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Liam Herrick

23 Aug 2023 / OPINION Print

Opinion: Commissioner should explain ATM move

Last week, Bank of Ireland experienced a technological issue that resulted in customers being able to withdraw more money from their bank accounts than they contained, writes Liam Herrick (executive director, Irish Council for Civil Liberties (ICCL)).

Word quickly spread and, while some people moved to take advantage of the situation, most simply went about their normal lives, which may have included lawfully accessing the money in their bank accounts.


One of the disturbing aspects of the incident was the presence and actions of gardaí at ATMs around the country. A significant and rapid garda response was mounted, which An Garda Síochána has stated was in response to more than 40 calls from people across the country.

Gardaí were deployed in various locations to prevent people withdrawing money from ATMs and to disperse queues of people waiting to use them. On the news and in our social-media feeds, we saw images of gardaí at ATMs and even garda vehicles parked on footpaths to prevent people from accessing the machines.


The wider context to this is a summer of debate about the adequacy of policing in Dublin. Many people in Ireland feel the gardaí’s response to serious crime in Dublin and around the country is often inadequate.

It’s also not the first time that An Garda Síochána has been drawn into civil matters without a clear legal basis.

The images are reminiscent of Garda presence at private evictions in recent years, where they were seen to be assisting and supporting private security and landlords.

In fact, the Garda Commissioner had to initiate two investigations and issue clarification to members of the force about their role in such situations.

The public has long felt that the law is not always applied equally; that some perceived problems receive a disproportionate response, while others seem to be overlooked.

All of which is to say that we should not be surprised that a significant and rapid response from the gardaí to a glitch in a banking system leads the public to question what the gardaí are doing, and why.

Legal basis

The simple fact of the matter is that gardaí must have a clear legal basis for their actions when their activities restrict people’s rights and movements (which includes people’s ability to access finance), and they must be clear and transparent in disclosing this legal basis for action.

In its statements about operations relating to the Bank of Ireland ATMs, an Garda Síochána has categorised its response as a public-order issue.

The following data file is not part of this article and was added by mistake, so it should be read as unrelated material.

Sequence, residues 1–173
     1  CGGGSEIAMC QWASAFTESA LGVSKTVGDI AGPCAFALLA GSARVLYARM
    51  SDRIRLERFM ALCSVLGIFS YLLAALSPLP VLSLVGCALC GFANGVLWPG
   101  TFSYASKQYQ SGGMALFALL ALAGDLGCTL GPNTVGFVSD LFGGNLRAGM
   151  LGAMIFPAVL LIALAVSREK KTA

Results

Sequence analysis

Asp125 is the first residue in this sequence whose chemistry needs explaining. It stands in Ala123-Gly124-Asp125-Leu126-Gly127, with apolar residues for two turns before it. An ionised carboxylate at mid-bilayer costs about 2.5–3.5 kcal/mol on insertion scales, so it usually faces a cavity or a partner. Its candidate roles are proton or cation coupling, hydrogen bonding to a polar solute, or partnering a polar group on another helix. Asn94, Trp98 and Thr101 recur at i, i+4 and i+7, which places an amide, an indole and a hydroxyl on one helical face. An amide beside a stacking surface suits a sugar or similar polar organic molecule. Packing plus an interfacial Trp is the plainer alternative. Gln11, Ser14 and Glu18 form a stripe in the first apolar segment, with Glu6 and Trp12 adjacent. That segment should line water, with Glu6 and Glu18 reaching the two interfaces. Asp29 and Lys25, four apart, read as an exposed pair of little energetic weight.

This explanation raises a number of questions. If the basis was public order, then what assessment of risk was carried out that led to the response?

Why were gardaí immediately deployed to the streets when public-order operations generally have a reserve number of officers who are then deployed if a problem arises? And how does public order explain gardaí preventing people from accessing ATMs and banking services? The explanation simply doesn’t hold up.

The statement also says that gardaí attended ATMs and advised people of their personal finance responsibilities. This goes far beyond the remit of An Garda Síochána and raises questions regarding how gardaí knew whether people had a legal basis for accessing money.

Disproportionate response?

The information provided so far suggests the response was disproportionate. An Garda Síochána has said that they were responding to more than 40 calls from across the country, but, for the most part, we don’t know the nature of these calls.

Within the reported 40 calls, the gardaí have said that only a small number related to serious public-order concerns. There has also been no information from An Garda Síochána about contact with Bank of Ireland; whereas Bank of Ireland did say they were in touch with gardaí, but did not request assistance.

Ultimately, the response may be judged to be proportionate, but the scale and speed of it, along with the lack of transparency about intelligence and risk assessment in the lead-up, does give rise to concerns that should be addressed further.

Lawful right

People who had a lawful right to use an ATM and access their money were prevented from doing so last week by gardaí.

The explanation that has been furnished does not provide adequate information regarding the decision-making process, including risk assessment, to deploy a significant number of gardaí to the streets. It doesn’t line up with what we all witnessed, and leaves members of the public questioning the gardaí’s intentions.

Garda Commissioner Drew Harris should address these concerns openly, and clarify the decision-making behind the deployment and actions of gardaí last Tuesday evening. If not, the Policing Authority may ask questions of him and the force directly, at its next meeting.

Gazette Desk
Gazette.ie is the daily legal news site of the Law Society of Ireland